About 4.5% of auto loans made in 2006 to top-rated borrowers were at least 30 days delinquent as of the end of September, up from 2.9% the previous month, according to a Lehman Brothers survey of companies servicing these loans. That is the biggest one-month jump in at least eight years. Lehman says 12% of subprime borrowers, who have poorer credit records, were delinquent on their 2006 auto loans as of September. That is the highest level since 2002 and up from 11.1% the previous month. About $575 billion in loans for new and used cars are made annually, according to the National Automotive Finance Association.

Third quarter mortgage delinquencies rose to 5.6% . The subprime delinquencies rose to 16.3% with a 18.8% rate for adjustable rate subprime -- the biggest concern. Foreclosures started in Q3 were 0.78% -- a record high -- as the percentage of loans in the foreclosure process rose to 1.69%, also the highest recorded.

U.S. mortgage assets in collateralized debt obligations have lost so much value that the top classes of the securities may be worth as little as 20 cents on the dollar in a liquidation, Barclays Plc analysts said in a report.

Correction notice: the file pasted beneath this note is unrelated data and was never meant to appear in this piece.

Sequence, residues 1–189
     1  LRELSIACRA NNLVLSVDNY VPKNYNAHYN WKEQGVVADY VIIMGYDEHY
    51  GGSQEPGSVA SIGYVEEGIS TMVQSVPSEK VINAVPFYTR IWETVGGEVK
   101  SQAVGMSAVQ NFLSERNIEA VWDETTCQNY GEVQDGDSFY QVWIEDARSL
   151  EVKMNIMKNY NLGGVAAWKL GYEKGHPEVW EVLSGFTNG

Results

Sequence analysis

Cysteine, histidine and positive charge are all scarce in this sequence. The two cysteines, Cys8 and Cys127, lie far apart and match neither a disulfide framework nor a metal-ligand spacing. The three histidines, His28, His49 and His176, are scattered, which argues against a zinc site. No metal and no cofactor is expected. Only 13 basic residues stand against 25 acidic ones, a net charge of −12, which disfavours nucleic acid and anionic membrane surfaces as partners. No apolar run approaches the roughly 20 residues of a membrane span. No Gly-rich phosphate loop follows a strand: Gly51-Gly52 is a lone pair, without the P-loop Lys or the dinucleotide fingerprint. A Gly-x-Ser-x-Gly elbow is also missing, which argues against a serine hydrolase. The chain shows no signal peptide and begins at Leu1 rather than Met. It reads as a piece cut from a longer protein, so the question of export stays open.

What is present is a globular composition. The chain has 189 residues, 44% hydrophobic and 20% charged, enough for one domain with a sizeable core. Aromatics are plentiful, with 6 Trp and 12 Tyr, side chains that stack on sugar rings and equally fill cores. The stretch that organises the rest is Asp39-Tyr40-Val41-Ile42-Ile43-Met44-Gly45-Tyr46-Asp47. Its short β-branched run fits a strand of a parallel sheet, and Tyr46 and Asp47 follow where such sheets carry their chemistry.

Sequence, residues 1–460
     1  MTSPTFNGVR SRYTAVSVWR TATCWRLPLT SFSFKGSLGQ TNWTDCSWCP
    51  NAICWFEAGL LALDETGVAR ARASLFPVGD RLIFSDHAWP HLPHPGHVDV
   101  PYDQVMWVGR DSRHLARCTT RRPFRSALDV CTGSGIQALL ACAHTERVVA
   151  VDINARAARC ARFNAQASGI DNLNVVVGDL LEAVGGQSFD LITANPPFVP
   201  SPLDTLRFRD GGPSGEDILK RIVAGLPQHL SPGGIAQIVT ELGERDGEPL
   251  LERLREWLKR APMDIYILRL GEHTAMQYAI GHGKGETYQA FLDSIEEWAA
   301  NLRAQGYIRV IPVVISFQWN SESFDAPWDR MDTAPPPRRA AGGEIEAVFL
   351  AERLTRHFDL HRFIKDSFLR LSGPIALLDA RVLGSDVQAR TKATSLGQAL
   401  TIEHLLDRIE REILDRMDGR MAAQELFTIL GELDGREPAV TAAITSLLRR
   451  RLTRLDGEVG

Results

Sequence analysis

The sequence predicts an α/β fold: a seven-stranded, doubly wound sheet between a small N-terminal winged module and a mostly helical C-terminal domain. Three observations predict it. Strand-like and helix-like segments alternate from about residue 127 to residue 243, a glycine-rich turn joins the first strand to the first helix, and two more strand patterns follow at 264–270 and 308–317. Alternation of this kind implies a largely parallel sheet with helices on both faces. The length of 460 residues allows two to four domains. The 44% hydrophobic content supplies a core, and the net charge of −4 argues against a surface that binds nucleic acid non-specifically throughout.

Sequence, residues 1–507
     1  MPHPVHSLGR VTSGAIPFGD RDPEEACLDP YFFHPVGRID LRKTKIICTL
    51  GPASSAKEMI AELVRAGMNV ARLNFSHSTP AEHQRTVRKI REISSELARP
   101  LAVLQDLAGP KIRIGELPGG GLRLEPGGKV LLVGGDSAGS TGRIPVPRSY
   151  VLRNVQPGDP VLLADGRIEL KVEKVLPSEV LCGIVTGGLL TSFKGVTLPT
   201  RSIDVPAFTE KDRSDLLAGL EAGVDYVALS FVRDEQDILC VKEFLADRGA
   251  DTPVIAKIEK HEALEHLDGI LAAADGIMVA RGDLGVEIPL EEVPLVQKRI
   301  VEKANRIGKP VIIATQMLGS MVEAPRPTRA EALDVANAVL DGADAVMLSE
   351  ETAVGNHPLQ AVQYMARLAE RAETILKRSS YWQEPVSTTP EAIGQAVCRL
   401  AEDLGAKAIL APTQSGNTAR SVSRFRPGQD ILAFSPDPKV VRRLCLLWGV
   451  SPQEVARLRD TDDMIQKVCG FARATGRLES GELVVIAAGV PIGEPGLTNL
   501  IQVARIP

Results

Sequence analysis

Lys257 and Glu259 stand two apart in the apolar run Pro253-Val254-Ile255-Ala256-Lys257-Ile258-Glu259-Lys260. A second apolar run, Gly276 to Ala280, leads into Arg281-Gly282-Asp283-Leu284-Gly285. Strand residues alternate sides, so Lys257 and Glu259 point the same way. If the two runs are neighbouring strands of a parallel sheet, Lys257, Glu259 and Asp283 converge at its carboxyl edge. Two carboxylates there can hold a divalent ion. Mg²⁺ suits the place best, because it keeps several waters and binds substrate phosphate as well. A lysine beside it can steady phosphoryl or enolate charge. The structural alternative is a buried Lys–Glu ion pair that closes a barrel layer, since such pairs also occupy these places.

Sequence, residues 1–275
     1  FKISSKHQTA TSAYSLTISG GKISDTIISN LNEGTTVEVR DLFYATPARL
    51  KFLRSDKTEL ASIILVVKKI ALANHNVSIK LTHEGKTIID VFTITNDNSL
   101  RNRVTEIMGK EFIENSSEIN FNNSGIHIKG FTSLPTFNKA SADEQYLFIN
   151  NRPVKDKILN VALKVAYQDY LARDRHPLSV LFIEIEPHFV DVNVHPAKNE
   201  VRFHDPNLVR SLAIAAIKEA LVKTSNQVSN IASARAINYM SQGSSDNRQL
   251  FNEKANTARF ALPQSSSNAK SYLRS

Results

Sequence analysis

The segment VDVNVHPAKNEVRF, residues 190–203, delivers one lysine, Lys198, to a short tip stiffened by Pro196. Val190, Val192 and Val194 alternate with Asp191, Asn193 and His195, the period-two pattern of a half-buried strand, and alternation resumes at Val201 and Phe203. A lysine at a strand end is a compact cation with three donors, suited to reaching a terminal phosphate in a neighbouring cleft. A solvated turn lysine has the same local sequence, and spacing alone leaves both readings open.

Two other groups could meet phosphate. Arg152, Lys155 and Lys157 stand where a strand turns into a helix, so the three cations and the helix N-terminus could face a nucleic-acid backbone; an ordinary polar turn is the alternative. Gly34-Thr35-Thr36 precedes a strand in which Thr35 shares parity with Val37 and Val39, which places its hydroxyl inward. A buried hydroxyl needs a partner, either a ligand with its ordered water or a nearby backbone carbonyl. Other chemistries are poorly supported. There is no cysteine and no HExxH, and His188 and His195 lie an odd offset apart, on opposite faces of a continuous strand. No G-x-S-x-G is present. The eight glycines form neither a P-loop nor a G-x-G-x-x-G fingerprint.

Big as the potential losses from the sub-prime fallout might be, the profitability of the financial sector is so breathtakingly large that it can take the hit on the chin and move on, HSBC calculates. In 2006, US banks and brokers pulled in a combined $155bn in profits. After paying shareholders $55bn in dividends, shareholders funds rose by $100bn. Even after this year's massive writedowns, net assets could rise again. It hardly points to a serious credit contraction.

Alabama, Puerto Rico and Connecticut sold the largest of $9.5 billion in long-term offerings during the busiest week for municipal bond sales since October.

First Marblehead Corp., the third- largest securitizer of student loans, cut its dividend by more than half and said it won't package additional loans this quarter because of ``uneconomic terms'' in capital markets.